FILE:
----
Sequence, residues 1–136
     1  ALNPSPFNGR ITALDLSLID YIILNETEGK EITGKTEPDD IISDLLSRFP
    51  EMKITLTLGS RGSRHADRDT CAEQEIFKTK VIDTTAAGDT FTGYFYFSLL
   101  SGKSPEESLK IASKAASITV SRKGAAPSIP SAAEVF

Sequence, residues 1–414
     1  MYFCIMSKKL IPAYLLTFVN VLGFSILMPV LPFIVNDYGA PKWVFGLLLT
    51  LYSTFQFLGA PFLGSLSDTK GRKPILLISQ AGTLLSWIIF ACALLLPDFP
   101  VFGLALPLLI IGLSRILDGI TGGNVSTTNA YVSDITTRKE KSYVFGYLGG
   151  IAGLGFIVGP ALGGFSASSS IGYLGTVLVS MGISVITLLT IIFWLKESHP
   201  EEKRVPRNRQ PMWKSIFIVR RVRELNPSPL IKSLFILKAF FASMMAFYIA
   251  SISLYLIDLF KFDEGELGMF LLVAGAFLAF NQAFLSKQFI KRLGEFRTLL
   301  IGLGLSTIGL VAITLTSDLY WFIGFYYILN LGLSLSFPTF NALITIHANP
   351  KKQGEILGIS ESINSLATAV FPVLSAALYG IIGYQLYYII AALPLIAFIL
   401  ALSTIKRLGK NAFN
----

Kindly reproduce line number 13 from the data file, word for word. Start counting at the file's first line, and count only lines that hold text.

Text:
   351  KKQGEILGIS ESINSLATAV FPVLSAALYG IIGYQLYYII AALPLIAFIL